Without Schilling, youngsters move up in Boston's rotation Print
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Tuesday, 12 February 2008 11:56
MLB Headline News

 FORT MYERS, Fla. (AP) -Clay Buchholz pitched a no-hitter in his second major league start. Jon Lester won the final game of the World Series.
Curt Schilling may never pitch again.
Boston's strong-armed youngsters probably were going to improve this year anyway. Now their progress is more urgent because the pitcher who was 17 when they were born is sidelined with a serious shoulder injury.
With Schilling's rehabilitation expected to keep him out until at least the All-Star break, lefty Lester and righty Buchholz are likely to open the season in the Red Sox rotation, perhaps in the third and fourth slots.
Josh Beckett and Daisuke Matsuzaka have the top two spots. Tim Wakefield could be No. 3 if he's recovered from inflammation behind his right shoulder that kept him out of Boston's World Series sweep of Colorado, or No. 5.
But Lester won't ease up just because he's already penciled into the rotation.
``Penciled in, that doesn't mean anything. You want to be inked into that spot,'' he said after arriving two weeks before Saturday's first workout of spring training. ``I have to control what I do on a day-to-day basis and go out and pitch and worry about that.''
Uncommonly mature for someone 24, Lester faced a more serious challenge before spring training last year. He reported to camp less than six weeks after his final chemotherapy treatment for anaplastic large cell lymphoma, a kind of cancer in the body's lymph system.
He spent most of last season with three minor league teams and pitched only 12 games for Boston, going 4-0 with a 4.57 ERA. Then he worked 5 2-3 shutout innings and got the win in the 4-3 victory over the Rockies that clinched the Red Sox second World Series championship in four years.
``Only having a year in the big leagues and winning the World Series is a pretty big deal,'' Lester said, ``and the way that it happened last year, with everything that went on and just kind of the road that I took to get up there, it was very special.''
Buchholz is 23, seven months younger than Lester with only four games of major league experience. He wasn't even on the World Series roster because he had reached his innings limit set by the cautious Red Sox.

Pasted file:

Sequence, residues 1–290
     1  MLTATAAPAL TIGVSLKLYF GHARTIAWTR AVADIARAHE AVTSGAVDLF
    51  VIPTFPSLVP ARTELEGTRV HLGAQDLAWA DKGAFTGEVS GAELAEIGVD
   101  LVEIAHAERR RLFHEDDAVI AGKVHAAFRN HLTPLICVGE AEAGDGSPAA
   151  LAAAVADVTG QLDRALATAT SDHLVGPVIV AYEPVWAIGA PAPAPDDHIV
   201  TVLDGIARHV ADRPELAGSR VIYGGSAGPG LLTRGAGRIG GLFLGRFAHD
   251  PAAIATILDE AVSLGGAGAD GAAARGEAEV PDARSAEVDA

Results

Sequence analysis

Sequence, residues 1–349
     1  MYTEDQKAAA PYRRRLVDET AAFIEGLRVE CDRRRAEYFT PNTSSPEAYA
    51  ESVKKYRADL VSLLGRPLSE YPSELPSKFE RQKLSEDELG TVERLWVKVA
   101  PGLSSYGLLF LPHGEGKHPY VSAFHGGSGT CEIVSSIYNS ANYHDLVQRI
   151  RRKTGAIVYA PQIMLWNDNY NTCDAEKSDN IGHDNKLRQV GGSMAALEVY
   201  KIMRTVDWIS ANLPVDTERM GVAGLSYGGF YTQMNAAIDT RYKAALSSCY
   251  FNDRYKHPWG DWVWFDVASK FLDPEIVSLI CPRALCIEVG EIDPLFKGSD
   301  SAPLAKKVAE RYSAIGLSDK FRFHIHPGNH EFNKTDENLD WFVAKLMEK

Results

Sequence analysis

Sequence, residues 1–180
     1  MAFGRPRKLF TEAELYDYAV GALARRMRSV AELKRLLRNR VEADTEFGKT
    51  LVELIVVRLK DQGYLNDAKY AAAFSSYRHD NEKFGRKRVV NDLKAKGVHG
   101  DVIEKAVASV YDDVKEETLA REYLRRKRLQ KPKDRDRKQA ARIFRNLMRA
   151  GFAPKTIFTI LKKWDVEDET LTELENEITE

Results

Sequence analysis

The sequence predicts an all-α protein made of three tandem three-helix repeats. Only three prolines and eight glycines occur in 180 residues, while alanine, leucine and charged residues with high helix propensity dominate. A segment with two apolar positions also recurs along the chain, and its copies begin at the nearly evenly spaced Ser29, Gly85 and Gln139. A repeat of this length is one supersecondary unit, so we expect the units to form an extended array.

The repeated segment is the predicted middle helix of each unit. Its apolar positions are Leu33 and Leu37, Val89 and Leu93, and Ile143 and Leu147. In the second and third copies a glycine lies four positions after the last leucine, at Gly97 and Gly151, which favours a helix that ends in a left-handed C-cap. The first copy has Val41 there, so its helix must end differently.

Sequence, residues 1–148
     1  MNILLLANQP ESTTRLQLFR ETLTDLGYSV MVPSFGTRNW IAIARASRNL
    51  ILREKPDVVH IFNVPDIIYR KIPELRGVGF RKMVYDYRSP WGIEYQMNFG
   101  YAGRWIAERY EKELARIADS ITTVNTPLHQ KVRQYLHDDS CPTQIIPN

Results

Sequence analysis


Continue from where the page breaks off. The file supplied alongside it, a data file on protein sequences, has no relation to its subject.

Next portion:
Not even his 3-1 record, 1.59 ERA or no-hitter against Baltimore on Sept. 1 - one day before Lester also beat the Orioles - changed their minds.
it would have been great to be a part of it.''
He didn't even get to the championship parade in Boston. He already had begun his two-month, offseason shoulder strengthening program at Athletes Performance Institute outside Pensacola, Fla., a town Buchholz found boring. Red Sox pitching prospect Michael Bowden also was there.
``We were either playing games or watching movies or sleeping'' after their two daily workouts, Buchholz said.
He arrived in camp Monday with about 190 pounds on his 6-foot-4 frame. He ended last season at 180 and has trouble keeping weight on.
But that didn't stop him from achieving ``the greatest sports moment of my life'' when he no-hit the Orioles.
He and Lester were mentioned in speculation about a trade with Minnesota for Johan Santana, who eventually went to the New York Mets when general manager Theo Epstein's offer wasn't good enough for the Twins.
That's fine for two pitchers who could be major contributors to the Red Sox for a long time.
``With everything that happened in the past year and a half this has really kind of become my family,'' Lester said. But if he were traded, ``there's not a whole lot you can do. You can't call up Theo and say, 'Theo, you know I really don't want to be traded.' You don't have that pull.''
Buchholz doesn't want to leave the mound where he made history or the fans who cheered him.
``This is the best place in the world to be in Boston,'' he said. ``It was unbelievable last year.''
Lester and Buchholz have had their memorable moments. They also have great promise.
But they don't have the outstanding track record that Schilling does.
Schilling's injury ``just basically opens the window, the window of opportunity,'' Buchholz said. ``If I want it I'm going to have to take it. If not, somebody else is going to get it.''
 

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